I don't care this fig for contempt of courting. (FW 145.16)
Would you describe yourself as lonely? Do you find it difficult to meet people? Is there no one who seems to understand you? If so, there is hope for you in modern literature, for all of your dating problems are addressed in the works of that "moist moonful date man aver" (FW 347.07), James Joyce. With some understanding of his groundbreaking work in contemporary courtship, you too can meet that special someone.
The proposition is not so ludicrous as it first seems. Consider the following personals ad found in the Toronto newspaper The Globe and Mail for 27 September 1997:
MOLLY BLOOM SEARCHING...
for Ulysses? Could be. Receptive, creative woman, slender and very alive in my 40s. Seeking earthly gentleman, 48+, with unaffected style and grace. Please call for details.
Unfortunately, my youth and fierce doubts about my earthliness have prevented me from calling for those details, but the temptation is obvious; and what is more, such an advertisement represents a salient hint at the extent to which Joyce has been absorbed into a significant field of popular consciousness, by which I mean what I am going to describe as "romantic culture." Richard Ellmann's conviction (shared by many and here crudely summarized) that love is the overarching theme of Ulysses is as popular as it is almost unassailably general. I—perhaps a softie—am vulnerable to such arguments, but for the purposes of this discussion a greater focus is needed: after all, love is not a small concept. While much has been said and written of marriage in Joyce, comparatively little has been made of the equally polymorphous, though rather less tangible, problems of courtship. The theory and practice of "dating," the sometimes confusing ritual [End Page 523] of modern love ("love's young fizz"—FW 462.08-09—we shall see, is as marketable as Pepsi: "the choice of a new generation"), are part of the dedicated overturning of romantic ideals found to occur in Joyce's works. "You love a certain person," Ulysses assures its reader (U 12.1499-1500). What are you going to do about it?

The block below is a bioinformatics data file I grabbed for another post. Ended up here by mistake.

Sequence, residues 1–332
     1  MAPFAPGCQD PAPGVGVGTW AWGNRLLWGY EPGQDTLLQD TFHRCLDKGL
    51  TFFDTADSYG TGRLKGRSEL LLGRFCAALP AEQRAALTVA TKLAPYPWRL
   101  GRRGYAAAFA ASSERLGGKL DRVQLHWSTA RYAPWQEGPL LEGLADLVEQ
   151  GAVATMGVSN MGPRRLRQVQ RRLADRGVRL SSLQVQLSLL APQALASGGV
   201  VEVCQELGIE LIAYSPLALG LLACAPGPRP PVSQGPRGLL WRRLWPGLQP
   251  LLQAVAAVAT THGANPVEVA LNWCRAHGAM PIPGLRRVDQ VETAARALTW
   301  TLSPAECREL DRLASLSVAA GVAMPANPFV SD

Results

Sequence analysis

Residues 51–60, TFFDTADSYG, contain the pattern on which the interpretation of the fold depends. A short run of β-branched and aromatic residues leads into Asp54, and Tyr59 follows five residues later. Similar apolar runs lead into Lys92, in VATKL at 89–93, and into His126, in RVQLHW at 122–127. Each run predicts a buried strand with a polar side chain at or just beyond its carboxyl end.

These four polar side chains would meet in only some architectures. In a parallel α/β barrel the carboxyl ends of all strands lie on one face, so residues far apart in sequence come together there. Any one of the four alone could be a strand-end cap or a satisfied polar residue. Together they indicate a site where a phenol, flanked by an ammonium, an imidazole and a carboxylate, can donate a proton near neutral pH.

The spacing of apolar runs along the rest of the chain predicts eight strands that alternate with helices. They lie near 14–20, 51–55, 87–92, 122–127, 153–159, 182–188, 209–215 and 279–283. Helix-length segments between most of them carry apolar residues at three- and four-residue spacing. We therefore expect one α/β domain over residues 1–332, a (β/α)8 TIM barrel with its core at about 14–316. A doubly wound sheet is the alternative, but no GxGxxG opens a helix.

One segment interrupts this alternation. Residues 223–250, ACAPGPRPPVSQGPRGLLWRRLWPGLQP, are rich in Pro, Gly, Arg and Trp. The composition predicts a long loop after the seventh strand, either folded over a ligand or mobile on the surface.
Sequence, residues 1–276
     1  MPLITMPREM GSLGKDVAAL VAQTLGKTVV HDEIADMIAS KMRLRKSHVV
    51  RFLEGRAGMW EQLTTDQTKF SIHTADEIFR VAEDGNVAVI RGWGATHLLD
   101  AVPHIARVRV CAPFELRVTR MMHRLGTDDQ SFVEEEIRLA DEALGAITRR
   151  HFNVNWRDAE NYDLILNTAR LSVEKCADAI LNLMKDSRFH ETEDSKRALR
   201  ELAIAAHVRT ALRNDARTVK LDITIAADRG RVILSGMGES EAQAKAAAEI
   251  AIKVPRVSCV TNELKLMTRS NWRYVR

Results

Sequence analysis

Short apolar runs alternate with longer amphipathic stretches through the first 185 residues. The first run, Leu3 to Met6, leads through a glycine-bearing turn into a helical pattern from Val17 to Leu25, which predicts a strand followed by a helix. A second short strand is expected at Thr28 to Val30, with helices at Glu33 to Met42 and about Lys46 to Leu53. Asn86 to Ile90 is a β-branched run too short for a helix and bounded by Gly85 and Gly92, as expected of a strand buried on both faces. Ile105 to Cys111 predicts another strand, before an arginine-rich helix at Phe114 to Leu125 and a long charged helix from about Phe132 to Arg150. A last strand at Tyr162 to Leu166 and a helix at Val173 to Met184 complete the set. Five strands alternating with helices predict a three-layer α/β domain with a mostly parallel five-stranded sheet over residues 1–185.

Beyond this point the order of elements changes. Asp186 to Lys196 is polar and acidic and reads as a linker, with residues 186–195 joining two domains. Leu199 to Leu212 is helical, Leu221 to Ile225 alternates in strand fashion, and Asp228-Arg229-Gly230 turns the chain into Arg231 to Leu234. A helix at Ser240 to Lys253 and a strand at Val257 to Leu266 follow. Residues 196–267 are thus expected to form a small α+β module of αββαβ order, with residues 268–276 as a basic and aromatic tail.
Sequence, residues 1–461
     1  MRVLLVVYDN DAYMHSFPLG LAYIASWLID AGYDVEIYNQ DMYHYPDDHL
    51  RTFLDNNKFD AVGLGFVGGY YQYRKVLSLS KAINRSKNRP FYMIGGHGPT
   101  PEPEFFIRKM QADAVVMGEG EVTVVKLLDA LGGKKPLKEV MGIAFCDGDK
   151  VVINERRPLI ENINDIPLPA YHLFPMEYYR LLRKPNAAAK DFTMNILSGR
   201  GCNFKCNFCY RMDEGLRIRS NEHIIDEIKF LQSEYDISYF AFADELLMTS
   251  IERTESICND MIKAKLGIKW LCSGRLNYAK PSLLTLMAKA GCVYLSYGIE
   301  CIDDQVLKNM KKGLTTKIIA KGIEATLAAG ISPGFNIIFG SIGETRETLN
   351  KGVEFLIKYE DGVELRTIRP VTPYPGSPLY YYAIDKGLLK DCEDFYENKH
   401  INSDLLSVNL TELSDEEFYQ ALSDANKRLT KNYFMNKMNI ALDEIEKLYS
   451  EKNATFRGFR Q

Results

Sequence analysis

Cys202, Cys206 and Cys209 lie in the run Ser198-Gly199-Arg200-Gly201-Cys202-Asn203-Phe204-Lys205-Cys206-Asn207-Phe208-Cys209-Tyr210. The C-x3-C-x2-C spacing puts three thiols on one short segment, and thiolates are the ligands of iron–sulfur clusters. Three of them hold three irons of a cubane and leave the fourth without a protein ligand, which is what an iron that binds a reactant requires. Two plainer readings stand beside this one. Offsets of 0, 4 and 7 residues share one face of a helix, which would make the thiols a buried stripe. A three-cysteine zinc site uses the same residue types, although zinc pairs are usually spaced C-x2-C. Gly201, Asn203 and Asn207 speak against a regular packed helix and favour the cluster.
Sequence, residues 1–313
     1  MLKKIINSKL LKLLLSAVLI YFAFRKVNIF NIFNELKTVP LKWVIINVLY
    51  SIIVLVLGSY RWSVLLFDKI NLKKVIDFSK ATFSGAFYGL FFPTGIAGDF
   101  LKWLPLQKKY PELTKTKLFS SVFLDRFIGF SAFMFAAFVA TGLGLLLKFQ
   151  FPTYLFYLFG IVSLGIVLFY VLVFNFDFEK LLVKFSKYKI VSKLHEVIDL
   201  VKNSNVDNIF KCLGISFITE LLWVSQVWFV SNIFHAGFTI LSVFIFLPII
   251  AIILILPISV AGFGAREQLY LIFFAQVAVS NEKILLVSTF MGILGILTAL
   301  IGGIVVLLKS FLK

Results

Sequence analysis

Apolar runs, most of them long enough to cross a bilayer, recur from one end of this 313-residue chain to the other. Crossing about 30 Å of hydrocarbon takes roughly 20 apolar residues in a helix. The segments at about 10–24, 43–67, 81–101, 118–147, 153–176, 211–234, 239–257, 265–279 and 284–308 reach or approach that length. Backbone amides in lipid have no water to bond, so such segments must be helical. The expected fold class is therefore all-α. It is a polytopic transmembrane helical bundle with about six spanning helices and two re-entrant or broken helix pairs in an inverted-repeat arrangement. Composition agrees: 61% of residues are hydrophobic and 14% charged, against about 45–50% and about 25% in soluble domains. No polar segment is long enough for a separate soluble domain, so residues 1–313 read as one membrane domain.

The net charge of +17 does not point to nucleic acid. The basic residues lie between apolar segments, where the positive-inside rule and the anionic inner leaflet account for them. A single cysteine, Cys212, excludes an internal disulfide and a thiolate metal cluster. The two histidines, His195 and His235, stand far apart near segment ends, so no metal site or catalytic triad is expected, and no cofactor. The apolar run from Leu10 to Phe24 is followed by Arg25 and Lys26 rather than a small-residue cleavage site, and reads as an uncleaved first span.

One of the most unusual—if not altogether unlikely—commodifications of Joyce is this assimilation into popular romantic culture, a phenomenon that itself represents an economic commodification. This paper examines the protocols and probabilities of dating in Joyce's time, within Joyce's work, and (strangest of all) how they have been affected by Joyce, the cultural phenomenon. Put another way, I propose to trace here the salient but previously unexplored connections between two public and commercial institutions: the reading of Joyce and the modern rites of courtship. In an entertaining essay titled "The Joycean Unconscious, or Getting Respect in the Real World," Vincent J. Cheng reflects on the currency of Joyce in popular culture and relates a personal anecdote about a time "when I was dating a young woman who happened to be named Joyce":
My friends (and I myself) found this Joycean serendipity very amusing, but Joyce herself did not—since she had no idea who this James Joyce I kept talking about was. And yet I discovered, as I got to know her better, that her responses to some Joycean names or concepts I would sometimes bring up were neither completely clean slates nor random Rorschach tests: for example, she had heard of the name Molly Bloom and associated it vaguely with female sexuality. This made me start to wonder about the ways in which Joycean terms and concepts might enter the popular consciousness at unconscious, subliminal levels—and what those effects would be, even effects that could be used and manipulated to sell products.1
Cheng does not tell us how things turned out with Joyce, but the use of the past tense is suggestive, and the essay turns out to be bizarrely un-self-conscious as...